I'm now as much caught up with the Oscar hopefuls as I've got time for. A few things will have to wait for their Blu-ray debuts. But I'm on top of the score candidates. And it's been quite awhile since I've cared much. The 2006 award to Gustavo Santaolalla's Brokeback Mountain over several more worthy scores that year was painful. To have Santaolalla take the same award the following year for Babel was insanity. Knowing that members of the Academy felt this composer was worthy of more Oscars than Bernard Herrmann or Jerry Goldsmith or Hugo Friedhofer or Alex North or Jerry Fielding or Laurence Rosenthal or Bruce Broughton or Elmer Bernstein or Ennio Morricone… well, you get the idea. But that's old news. This year is new news.
So Morricone is up this time and no one in that room can be more deserving of this supreme of recognitions. That has me excited. And a win for Thomas Newman would be terrific. I'm there. Yep, I'll even smile if Carter Burwell takes home the prize. He's a class act composer. And John Williams is… well, John Williams. He's a god. Wins for him are always welcome.
That leaves my - probably surprising - number one choice for this year's Best Music (Original Score) Oscar. Sicario. I don't know oodles about Jóhann Jóhannsson beyond what I've read up on these last couple of months. But I know his score fit this picture like nobody's business. It's a knockout movie. Tough, tense, explores moral ambiguity in fascinating detail, crosses borders between right and wrong philosophically as well as Arizona and Mexico physically via the deserts of today's headlines, has moments of violence, great sadness… all captured in perceptive, subtle, eerie, dramatic musical terms. Yep. I'm happy with all the choices this year. And if Sicario takes home the prize, I'm happier still. Basically, this is a great year for the music award.
Little parenthesis here. The album for Sicario disappoints somewhat in that the music is mastered with some distorted electronic effects and boosted levels, injuring some of the subtle dynamics between things like the hushed strings and low brass clusters for the suspense, the eerie drone-like ideas for the desert, the descending solo cello lines for Benicio Del Toro's complex and crucial Alejandro and those voices and sustained minor-key harmonies for the pain of Mexico. To hear what could have been, one should view the cool special features on the Blu-ray and focus on the segment about the score. There you can hear - and see - those haunting cello lines as they are being recorded, the subtly played suspense ideas and other aspects of the score without the distortion. In fact, the music in the film itself actually sounds cleaner, more like an orchestra and less like an electronic vibrator or whatever it is that dominates the album. Just my two cents. Anyway, on the plus side, the album does include every one of the score's highlights. Ok, that was a big parenthesis.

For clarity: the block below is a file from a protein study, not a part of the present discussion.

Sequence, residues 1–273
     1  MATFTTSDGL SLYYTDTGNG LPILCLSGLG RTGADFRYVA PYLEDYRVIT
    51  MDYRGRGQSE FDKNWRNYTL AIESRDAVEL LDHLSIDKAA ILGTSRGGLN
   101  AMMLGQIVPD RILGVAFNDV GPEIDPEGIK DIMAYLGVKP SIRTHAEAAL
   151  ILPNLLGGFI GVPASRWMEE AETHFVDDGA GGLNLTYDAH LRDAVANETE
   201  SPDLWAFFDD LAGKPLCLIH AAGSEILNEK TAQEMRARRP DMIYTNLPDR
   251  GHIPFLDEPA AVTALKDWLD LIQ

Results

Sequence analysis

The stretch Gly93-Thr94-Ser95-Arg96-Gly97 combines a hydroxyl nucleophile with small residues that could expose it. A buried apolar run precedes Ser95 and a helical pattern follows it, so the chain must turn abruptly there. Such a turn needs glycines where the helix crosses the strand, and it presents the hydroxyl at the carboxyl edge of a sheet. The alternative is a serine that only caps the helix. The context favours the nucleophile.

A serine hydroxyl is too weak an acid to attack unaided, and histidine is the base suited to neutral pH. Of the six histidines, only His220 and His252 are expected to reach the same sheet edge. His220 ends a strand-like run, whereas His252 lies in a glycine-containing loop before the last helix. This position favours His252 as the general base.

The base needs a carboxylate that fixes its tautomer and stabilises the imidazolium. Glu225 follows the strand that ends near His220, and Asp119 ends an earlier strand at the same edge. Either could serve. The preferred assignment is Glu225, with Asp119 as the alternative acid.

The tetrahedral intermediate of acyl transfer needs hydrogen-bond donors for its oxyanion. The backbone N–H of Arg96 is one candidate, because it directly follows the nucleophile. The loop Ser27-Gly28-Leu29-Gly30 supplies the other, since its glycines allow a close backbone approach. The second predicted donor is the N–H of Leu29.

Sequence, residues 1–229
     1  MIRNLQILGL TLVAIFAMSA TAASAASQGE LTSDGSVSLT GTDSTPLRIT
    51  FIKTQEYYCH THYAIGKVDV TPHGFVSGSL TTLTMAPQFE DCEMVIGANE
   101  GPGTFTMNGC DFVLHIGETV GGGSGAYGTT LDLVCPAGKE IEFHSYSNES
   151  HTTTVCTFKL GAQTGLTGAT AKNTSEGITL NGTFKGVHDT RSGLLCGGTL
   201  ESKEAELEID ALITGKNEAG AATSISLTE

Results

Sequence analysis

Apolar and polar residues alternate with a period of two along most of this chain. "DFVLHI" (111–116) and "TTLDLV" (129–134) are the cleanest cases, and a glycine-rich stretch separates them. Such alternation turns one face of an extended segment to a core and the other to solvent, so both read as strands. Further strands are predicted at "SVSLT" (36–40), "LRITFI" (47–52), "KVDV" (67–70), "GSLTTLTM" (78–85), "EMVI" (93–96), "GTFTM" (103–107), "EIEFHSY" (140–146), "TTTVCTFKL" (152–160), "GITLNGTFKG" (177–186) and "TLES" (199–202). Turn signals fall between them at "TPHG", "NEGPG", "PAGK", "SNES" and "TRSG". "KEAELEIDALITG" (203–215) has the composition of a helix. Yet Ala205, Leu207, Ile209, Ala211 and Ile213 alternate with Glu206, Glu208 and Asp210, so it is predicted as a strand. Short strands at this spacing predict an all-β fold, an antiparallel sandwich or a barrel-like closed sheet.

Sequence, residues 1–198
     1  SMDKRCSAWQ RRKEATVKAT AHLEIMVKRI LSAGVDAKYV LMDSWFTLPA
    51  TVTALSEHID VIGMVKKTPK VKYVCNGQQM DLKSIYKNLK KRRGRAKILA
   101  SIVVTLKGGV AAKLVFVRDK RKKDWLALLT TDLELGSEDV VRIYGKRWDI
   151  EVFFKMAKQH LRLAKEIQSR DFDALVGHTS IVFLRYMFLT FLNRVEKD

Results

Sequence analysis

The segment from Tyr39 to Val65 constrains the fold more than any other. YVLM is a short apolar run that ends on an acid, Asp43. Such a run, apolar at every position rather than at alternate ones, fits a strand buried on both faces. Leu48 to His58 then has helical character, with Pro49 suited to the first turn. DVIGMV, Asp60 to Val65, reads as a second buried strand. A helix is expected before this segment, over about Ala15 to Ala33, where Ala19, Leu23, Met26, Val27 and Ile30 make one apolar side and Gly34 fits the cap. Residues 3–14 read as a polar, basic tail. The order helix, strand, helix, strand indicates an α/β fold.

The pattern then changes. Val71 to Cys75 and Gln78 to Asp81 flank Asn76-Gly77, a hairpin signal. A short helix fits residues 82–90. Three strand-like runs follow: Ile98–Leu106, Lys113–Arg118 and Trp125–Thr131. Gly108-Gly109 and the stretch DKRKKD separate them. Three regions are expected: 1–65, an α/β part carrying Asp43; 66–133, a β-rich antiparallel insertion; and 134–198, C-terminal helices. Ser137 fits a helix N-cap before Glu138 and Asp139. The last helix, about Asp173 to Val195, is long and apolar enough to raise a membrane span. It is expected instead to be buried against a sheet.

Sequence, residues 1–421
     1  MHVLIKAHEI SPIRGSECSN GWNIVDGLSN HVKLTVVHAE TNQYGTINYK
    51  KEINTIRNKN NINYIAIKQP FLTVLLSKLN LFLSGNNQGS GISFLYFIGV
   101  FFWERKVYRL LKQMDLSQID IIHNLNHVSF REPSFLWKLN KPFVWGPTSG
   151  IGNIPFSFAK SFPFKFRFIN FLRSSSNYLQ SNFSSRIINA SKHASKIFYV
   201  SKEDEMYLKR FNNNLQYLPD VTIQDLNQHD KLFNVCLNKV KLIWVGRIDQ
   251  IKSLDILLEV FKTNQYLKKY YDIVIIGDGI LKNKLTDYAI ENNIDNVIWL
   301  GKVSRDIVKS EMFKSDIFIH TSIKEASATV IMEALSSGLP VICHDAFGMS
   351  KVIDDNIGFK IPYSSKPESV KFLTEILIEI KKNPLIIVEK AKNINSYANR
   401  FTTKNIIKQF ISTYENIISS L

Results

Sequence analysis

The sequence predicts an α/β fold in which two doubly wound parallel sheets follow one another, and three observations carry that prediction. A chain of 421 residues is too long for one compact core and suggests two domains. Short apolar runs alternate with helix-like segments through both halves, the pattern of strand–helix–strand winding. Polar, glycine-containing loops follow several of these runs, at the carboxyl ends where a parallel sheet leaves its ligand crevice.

Be sure to check in this Monday eve, February 1, for artwork and samples of our two newest Intrada releases, available Tuesday the 2nd. They'll probably appear like some kind of Halloween coupling but that's actually just a coincidence in scheduling. Both are horror movies to be sure. One is a CD offering the premiere release of an intense and genuinely frightening score, the other becomes our second vinyl release in the resurgence of the format, this one being a two-LP set. Like our previous Troll, this one continues our model of doing these with state-of-the-art mastering, 180 gram premium vinyl pressings, deluxe gatefold jackets, shiny UV coating, artwork titles on extra-width spines and loose high-grade poly wrap instead of shrink wrap.
Last but not least: New U.S. postal service rates went into effect a few days ago - naturally they went up. The most affected areas were in the international rates. So, whereever possible, bundle up on your orders to get the most mileage out of them. Literally.